Have you ever sat around and wondered why you didn’t win that race? Or even pondered how come you didn’t win the big game? Guess what……in a lot of cases the reason why you didn’t win was that you didn’t prepare to win. The fundamental reason you train is to prepare to meet the challenges and demands of every competitive situation you find yourself in. To do less, is to prepare to fail. This article discusses the concept of winning and explains why it is essential that your training must be tougher than the competition you are preparing for.
I often get asked, what’s the difference between sport and high performance sport.
Read the next 800 words and find out.
Spring is the season of re-newal, re-birth and re-generation.
And for many Australian sports – AFL, Rugby League, Netball and Rugby – spring is also the season of the Performance Re-view.
That time when players, coaches, management and staff sit down together and try to work out what went wrong, what went right and how to do it better next time around.
How do you make certain your end of season Performance Review makes real difference to next season and is not a waste of time, energy and money?
By Wayne Goldsmith
Coaches are always talking about motivation and some make lots of money doing motivation talks, motivation lectures, giving motivational speeches, writing motivational books, selling motivational videos, running motivational courses and generally being motivational!
Here’s the funny thing: motivation – there’s no such thing.
It takes 20 years to become an overnight success. Successful coaches have by a combination of experience, skill, education and practice, developed ways and means of getting the best out themselves and their athletes.
Here are 101 Coaching Tips to help you achieve your coaching goals.
- Develop communication skills and never stop trying to improve them.
- Learn to effectively utilise the Internet, social media and email.
- Never stop learning. Learning is for life.
- Be open-minded. Never say, never.
- What you may lack in knowledge, make up for with enthusiasm, desire and passion.
- Be a role model for your athletes.
The Daily Athlete Training Environment D.A.T.E. is a term which is used to describe the day to day opportunities provided for an athlete to help realise their full potential. This article discusses the DATE concept and why the most important part of the DATE is the A….the athlete.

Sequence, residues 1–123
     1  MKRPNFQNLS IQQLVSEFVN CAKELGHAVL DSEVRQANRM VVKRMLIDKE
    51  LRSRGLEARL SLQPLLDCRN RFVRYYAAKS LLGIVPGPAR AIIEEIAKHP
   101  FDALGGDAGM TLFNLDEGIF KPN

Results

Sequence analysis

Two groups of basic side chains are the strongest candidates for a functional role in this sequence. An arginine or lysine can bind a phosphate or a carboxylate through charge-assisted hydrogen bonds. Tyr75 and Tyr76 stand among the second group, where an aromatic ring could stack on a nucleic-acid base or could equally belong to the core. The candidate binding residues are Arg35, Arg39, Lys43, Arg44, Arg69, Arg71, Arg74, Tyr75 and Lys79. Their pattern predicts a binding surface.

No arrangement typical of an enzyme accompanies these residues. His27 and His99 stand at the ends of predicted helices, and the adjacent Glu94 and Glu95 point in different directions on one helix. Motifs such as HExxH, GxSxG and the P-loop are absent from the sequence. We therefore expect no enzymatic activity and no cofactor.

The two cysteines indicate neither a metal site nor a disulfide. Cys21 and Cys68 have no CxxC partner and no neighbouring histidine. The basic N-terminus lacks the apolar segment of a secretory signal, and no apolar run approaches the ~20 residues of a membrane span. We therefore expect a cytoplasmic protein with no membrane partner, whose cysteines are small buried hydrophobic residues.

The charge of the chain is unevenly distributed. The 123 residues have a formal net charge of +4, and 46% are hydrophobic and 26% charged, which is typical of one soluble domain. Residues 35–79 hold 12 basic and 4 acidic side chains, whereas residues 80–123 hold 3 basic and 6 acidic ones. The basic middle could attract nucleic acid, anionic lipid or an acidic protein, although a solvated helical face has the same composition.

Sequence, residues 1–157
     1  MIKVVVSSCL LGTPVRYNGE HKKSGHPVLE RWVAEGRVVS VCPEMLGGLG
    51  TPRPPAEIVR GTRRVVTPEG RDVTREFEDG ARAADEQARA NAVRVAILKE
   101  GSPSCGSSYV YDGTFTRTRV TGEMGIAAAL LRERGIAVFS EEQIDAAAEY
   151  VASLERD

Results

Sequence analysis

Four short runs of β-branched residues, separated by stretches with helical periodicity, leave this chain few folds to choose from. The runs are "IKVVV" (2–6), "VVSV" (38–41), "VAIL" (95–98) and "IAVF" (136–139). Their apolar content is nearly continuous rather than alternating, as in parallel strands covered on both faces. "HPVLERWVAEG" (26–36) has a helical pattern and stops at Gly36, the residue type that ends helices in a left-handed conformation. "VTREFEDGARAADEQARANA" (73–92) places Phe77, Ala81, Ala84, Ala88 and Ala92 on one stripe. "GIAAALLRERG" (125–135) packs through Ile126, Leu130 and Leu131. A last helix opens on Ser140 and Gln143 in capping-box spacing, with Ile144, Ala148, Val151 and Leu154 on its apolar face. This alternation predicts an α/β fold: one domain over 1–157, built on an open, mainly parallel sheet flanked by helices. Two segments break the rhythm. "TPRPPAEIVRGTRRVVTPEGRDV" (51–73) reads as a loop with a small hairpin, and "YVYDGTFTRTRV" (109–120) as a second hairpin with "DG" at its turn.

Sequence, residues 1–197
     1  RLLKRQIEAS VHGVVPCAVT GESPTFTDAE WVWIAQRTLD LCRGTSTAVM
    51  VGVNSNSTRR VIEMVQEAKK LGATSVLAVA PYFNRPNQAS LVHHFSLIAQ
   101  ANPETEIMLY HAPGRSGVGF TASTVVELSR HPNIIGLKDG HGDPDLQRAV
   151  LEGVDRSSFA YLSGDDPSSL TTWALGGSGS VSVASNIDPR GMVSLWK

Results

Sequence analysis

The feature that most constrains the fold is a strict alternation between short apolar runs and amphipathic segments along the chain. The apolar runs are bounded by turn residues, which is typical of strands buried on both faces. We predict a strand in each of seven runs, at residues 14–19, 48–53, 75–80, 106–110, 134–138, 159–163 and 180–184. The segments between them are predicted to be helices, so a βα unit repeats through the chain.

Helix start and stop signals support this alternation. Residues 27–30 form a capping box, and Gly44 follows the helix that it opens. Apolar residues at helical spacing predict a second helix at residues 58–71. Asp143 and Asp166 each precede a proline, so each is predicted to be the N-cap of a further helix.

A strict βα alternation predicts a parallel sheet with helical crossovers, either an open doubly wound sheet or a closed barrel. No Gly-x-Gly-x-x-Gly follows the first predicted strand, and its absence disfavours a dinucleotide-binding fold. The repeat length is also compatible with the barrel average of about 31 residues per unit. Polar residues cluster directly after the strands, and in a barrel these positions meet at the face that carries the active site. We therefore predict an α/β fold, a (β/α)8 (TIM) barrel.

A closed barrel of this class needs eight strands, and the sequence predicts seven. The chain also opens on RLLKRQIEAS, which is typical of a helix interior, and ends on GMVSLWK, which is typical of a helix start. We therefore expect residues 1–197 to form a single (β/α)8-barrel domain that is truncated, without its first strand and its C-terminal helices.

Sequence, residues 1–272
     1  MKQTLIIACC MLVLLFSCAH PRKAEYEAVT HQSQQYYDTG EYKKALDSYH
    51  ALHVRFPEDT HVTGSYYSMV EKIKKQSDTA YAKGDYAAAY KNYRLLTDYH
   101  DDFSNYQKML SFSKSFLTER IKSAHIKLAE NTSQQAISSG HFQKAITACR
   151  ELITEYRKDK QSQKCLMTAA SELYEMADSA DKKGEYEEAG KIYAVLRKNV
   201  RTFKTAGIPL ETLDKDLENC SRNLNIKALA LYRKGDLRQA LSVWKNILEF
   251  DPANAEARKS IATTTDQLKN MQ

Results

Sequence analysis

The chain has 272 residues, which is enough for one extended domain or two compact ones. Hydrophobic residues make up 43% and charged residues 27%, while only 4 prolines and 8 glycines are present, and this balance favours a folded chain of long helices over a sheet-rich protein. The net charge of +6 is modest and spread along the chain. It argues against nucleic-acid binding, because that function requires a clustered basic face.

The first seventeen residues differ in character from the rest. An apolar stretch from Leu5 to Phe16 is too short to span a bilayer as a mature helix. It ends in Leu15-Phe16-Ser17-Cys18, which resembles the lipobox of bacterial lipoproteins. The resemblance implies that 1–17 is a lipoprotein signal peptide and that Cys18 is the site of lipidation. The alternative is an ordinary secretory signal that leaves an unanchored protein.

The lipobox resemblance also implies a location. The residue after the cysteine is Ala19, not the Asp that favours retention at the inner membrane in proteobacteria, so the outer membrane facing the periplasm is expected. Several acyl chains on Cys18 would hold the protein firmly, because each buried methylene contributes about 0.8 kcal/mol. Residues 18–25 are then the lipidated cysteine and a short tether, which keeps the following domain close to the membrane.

After the CLOSING ceremony of every Olympic Games, someone should yell out, “let the (real) Games begin”.
The real “GAMES”…………the junkets and fact finding missions the Sporting leaders from most countries embark on to find out what the USA, Germany, Great Britain, South Korea, China and Australia are doing to be successful in the Olympics.
The logic seems simple enough.
“Our country didn’t win any medals at the Olympics” says the Minister for Sport.
“Country XYZ won lots of medals at the Olympics”, says the CEO of the Sports Commission.
“Therefore if we want medals and we copy them we will win medals”, thinks everyone in the room.
“Hooray!!!! Problem solved – let’s buy some air tickets”.
Sports coaches all over the world have been devoted to the mindless repetition model of skills learning and mastery for the past 50 years. However, there is a huge difference between being able to perform sports skills well in training and being able to consistently perform sports skills under competition conditions, e.g. under fatigue, at high speed and under pressure. This article aims to challenge the old “practice makes perfect” coaching philosophy and replace it with a more competition focused approach of “Performance Practice”.
So you believe your child will be the next big thing in the Big Leagues? So you think it is inevitable that your son will win an Olympic Gold Medal one day?
So you are a 100% certain that your little girl will be the next world record holder? Gold Medal kids need Gold Medal parents. Little Leaguers who aspire to the Big Leagues need Big League Parenting. Are you up to the challenge?
OK. Let’s talk about how to develop world class coaches.
Grab a piece of paper. On one side of the paper, write down the characteristics of a great coach.
Does your list include any or all of the following:
- Outstanding communicator
- Conflict resolver
- Media manager
- Public relations genius
- Team developer
- People manager
- Technical / tactical / strategic skills of the highest order
OK – now turn the page over and write down a list of all the coach education programs which cover the above?
Is this side of the paper blank? Yes? Then we can begin.
High Performance on a Budget – can you create a high performance environment without spending any money?
As soon as someone mentions the words “high-performance” in sport, people start running for their cheque books and credit cards. The most commonly held view about high-performance sport is that you need significant investment and resources to run a successful high performance sports program. However, money alone does not guarantee success in high performance sport and almost any coach or Club can create a sustainable high performance environment by targeting and prioritising their resources on the right things at the right time. This article discusses how to prioritise in high performance sport and how to target the things that matter: the things that will make a difference where it really matters….the performance of your athletes
Coaching is creativity.
To the successful coaches of the future, creativity will be a core coaching skill: right up there with communication, passion, empathy, commitment, the ability to engage athletes and sports specific technical skill.
But what does it mean to be creative and to coach creatively. And to coaches who are not naturally creative, can they learn to be?
Or to the coach with a hammer, is every athlete a nail?